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Mindfulness and Kids: Helping Manage Stress

Parenting Resources

Growing Up Healthy Blog

Kids may experience anxiety before the start of the school year, or perhaps they have a big game, recital or test. Some stressed kids live in families that have been affected by significant events – parent's health, job, or finances – and everyone in the family is stressed. Every day may feel overwhelming. Mindfulness and similar practices can help kids cope.

 

The following exercises can help kids learn to respond rather than react to stressful events, calm themselves, concentrate and focus. The exercises are based on techniques from Susan Kaiser Greenland, cofounder and director of the Inner Kids Foundation which brings mindful awareness to underserved kids and families in Los Angeles.

 

Awareness of Breath

 

No matter your kids' age, mindful breathing can help. Whether it's getting ready to take a test or to take the field for a game, pausing for a few moments to calm and center themselves can help them perform better. These exercises even work well for young kids and can help them learn skills that will last a lifetime. Breath exercises are also perfect for kids who have a hard time calming down, whether it's before bedtime or transitioning from recess to the classroom.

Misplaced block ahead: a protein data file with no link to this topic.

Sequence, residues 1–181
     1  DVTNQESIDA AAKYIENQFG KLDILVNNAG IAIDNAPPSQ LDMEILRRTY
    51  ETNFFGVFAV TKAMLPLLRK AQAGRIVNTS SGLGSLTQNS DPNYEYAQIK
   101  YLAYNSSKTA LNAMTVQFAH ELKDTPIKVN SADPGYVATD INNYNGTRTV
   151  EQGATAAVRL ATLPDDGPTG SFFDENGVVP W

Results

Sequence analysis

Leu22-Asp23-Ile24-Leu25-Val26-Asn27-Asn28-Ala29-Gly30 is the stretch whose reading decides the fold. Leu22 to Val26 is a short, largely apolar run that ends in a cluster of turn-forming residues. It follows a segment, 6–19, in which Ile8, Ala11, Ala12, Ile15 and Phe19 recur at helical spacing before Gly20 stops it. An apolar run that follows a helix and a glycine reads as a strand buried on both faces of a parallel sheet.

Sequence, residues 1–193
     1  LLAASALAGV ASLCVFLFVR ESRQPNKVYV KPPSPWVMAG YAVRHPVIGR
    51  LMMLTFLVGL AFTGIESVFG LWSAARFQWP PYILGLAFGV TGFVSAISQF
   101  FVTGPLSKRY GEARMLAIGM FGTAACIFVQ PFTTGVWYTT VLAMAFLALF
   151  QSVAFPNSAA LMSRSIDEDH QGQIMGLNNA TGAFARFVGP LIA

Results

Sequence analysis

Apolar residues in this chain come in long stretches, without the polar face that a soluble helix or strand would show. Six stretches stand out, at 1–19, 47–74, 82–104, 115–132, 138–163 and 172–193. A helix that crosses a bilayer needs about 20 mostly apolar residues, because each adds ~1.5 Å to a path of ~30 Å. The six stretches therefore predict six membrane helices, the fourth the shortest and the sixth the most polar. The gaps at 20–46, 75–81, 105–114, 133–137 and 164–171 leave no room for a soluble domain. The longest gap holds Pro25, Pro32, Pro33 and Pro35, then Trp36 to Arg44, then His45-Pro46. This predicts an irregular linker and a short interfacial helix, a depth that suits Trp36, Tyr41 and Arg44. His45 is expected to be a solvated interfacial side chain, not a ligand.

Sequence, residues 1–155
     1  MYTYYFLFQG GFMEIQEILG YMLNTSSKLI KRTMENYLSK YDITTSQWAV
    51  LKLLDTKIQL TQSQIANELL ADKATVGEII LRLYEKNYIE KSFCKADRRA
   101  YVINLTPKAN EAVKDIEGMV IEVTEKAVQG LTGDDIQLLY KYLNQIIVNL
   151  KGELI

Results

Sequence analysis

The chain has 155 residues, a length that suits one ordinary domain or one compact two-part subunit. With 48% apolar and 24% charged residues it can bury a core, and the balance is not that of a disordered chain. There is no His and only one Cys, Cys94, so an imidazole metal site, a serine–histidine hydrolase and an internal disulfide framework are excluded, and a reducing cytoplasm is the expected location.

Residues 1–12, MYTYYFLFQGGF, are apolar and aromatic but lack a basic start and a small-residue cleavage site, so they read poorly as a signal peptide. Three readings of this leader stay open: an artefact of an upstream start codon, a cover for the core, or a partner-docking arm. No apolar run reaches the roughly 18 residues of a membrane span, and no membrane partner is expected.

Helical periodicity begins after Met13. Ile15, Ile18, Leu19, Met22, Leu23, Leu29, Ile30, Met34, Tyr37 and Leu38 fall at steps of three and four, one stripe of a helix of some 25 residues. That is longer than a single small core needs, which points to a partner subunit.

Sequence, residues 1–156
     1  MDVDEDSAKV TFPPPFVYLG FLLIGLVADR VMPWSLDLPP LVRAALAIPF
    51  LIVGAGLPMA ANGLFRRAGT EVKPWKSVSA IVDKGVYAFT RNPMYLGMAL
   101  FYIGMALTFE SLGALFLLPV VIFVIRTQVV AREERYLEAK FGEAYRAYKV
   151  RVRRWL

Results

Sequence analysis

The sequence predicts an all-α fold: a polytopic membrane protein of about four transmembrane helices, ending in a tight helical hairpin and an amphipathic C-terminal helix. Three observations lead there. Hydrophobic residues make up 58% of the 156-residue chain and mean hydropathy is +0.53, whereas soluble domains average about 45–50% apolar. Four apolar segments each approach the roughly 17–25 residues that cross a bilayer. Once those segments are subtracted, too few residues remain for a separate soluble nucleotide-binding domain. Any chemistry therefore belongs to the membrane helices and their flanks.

View/print the exercise (pdf)

 

Mindful Eating

 

Stress can lead to unhealthy eating. We crave junk food, or eat mindlessly while watching TV. Working to create a positive mealtime environment can help kids learn to separate emotions from food. They can also discover how delicious, fresh healthy foods taste!

 

View/print the exercise (pdf)

 

Friendly Wishes Meditation

 

For those familiar with meditation and Mindfulness, this exercise is similar to a "loving kindness" meditation. It may help kids learn to deal with negative emotions like frustration or anger toward others.

 

View/print the exercise (pdf)

 

Other Suggestions

 

Kids may react better to different strategies. For some kids, keeping a stone in their pocket, or wearing a ring to remind them to take a deep breaths throughout the day is helpful.

 

For others, aromatherapy brings relaxation. Kids keep a cotton ball with a few drops of an essential oil in a plastic bag. They open the bag and take a few deep breaths to smell the oil when they feel stress.

 

And there is always getting outside! Even taking a few minutes to step outside and breathe fresh air may turn a stressful day into a peaceful day.

 

Karen Allaire, RN, MS, CHTP, is a certified Pediatric Nurse Practioner and a certified Healing Touch Practitioner. She offers techniques and exercises as a way for helping kids ease their stress and calm their anxieties.